The tribunal said Wessels' conduct "offended some of his colleagues and was perceived as violent and racist by some people."

Wednesday's ruling comes after what sources described to CBC News as years of inaction by the hospital's administration, Alberta Health Services (AHS) and the college, who were repeatedly told about the incident.

Submitted by name withheld by request
Submitted by name withheld by request

In August 2019, a doctor reported the incident to Health Minister Tyler Shandro, but said she heard nothing back.

After CBC News contacted Shandro for comment, the minister ordered a third-party independent investigation into how AHS handled the incident, maintaining department officials repeatedly assured him the health authority and the CPSA were separately handling the matter.

The third-party investigator's findings will be made public, Shandro's spokesperson Steve Buick has said. The investigation was initially supposed to be concluded by the end of 2020 but in an email Wednesday, Buick said it has taken longer than expected partly due to the difficulty of arranging interviews during the pandemic. He said Shandro will receive the final report and any recommendations by the end of February.

At his hearing, Wessels testified that when a fellow surgeon, Dr. Scott Wiens, saw the noose and asked if it was for Onwuanyi, he replied that it was for anyone who was misbehaving, including Onwuanyi.

Shortly after, colleagues pointed out the racist and violent symbolism of the noose, at which point Wessels went to hospital administration, he testified.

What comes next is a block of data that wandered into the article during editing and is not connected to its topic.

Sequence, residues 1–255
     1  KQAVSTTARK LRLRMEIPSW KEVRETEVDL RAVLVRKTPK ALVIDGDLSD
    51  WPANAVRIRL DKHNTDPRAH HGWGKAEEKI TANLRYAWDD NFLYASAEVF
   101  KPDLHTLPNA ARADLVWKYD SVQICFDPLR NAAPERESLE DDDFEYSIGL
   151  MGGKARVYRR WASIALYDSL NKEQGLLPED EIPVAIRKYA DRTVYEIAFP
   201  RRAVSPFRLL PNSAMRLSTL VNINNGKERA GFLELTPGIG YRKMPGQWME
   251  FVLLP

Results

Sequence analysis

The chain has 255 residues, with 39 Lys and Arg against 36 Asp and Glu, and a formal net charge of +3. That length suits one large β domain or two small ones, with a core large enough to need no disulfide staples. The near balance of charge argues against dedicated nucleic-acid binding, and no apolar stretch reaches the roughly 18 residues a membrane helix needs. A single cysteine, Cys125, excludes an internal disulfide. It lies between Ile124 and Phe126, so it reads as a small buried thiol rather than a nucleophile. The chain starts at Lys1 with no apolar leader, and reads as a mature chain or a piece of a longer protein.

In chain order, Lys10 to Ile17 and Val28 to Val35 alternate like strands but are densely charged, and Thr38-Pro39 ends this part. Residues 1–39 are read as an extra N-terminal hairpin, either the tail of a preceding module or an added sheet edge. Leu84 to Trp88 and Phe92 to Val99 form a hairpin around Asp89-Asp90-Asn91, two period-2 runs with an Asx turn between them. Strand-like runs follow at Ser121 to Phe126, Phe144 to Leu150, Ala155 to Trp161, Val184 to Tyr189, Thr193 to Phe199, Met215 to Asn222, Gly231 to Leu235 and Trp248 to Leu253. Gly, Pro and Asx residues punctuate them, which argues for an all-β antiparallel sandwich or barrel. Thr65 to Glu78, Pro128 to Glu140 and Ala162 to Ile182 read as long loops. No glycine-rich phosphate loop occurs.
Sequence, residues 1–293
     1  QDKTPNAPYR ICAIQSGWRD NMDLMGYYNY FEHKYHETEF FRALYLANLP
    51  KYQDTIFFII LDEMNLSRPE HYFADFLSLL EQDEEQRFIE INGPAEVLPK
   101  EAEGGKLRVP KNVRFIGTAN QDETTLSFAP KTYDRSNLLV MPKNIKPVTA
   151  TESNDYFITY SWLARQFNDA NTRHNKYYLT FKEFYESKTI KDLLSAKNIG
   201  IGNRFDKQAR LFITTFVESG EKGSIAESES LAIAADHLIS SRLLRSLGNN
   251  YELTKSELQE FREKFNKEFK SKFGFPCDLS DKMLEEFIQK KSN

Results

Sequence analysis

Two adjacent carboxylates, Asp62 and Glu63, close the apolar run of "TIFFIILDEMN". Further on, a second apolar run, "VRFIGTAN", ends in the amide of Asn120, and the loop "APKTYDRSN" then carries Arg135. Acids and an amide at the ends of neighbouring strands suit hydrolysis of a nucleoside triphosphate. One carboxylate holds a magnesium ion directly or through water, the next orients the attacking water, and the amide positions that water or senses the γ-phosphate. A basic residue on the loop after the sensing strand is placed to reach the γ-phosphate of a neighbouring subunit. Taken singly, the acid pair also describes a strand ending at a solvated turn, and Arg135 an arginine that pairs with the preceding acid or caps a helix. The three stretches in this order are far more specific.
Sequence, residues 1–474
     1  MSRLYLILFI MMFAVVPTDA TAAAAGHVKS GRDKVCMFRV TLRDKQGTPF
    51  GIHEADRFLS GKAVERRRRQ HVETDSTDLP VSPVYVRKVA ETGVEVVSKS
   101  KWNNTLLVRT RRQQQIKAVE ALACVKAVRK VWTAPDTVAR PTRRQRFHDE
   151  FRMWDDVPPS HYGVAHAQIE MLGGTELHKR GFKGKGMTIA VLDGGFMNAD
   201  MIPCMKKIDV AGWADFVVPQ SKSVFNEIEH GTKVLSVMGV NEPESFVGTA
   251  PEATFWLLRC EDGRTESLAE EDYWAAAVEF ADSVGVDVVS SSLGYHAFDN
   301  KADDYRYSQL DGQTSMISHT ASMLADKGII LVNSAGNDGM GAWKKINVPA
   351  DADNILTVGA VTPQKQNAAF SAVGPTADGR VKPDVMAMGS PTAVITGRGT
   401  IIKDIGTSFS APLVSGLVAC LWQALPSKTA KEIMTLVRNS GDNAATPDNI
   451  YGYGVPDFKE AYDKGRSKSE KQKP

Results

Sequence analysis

Surgical assistant said he perceived noose as a threat

Wessels testified a local AHS executive told him that to "close" the matter he had to write a letter of apology to the two surgeons — Drs. Scott Wiens and Tosin Akinbiyi — who were concerned about the noose, which he did. He repeatedly said that he has since educated himself about the symbolism behind the noose.

He said he did not apologize to Onwuanyi because he said his colleague generally accepted his explanation that it wasn't racist, and was not meant to target him. Onwuanyi, he said, did not appear to be "aggressively unhappy" about the incident.

Submitted by  Dr. Carrie Kollias
Submitted by Dr. Carrie Kollias

That was contradicted, however, by a letter Onwuanyi sent the college's associate complaints director in which he said he did not have an open discussion with Wessels about the noose incident.

Onwuanyi replied to a college investigator's question about how he perceived the noose by saying he thought it was "a threat, a racial insult, a slur directed at Black persons" that was meant to intimidate and symbolize a threat to life. "It was also seen as a hangman's noose, the main object used in segregation-era lynching, and was an illegal object internationally." University of Calgary health law professor Lorian Hardcastle, who has researched doctor discipline, said she believes the tribunal "certainly" had enough evidence to conclude Wessels' actions were racist. "In finding that a noose didn't constitute racism, I think that does send an unfortunate message to other doctors who may wish to complain about a colleague, and may not do so because they are concerned that the college may not find what happened to them [to be] racism," Hardcastle said. If you have information about this story, or information for another story, please contact us in confidence at cbcinvestigates@cbc.ca

For more stories about the experiences of Black Canadians — from anti-Black racism to success stories within the Black community — check out Being Black in Canada, a CBC project Black Canadians can be proud of. You can read more stories here.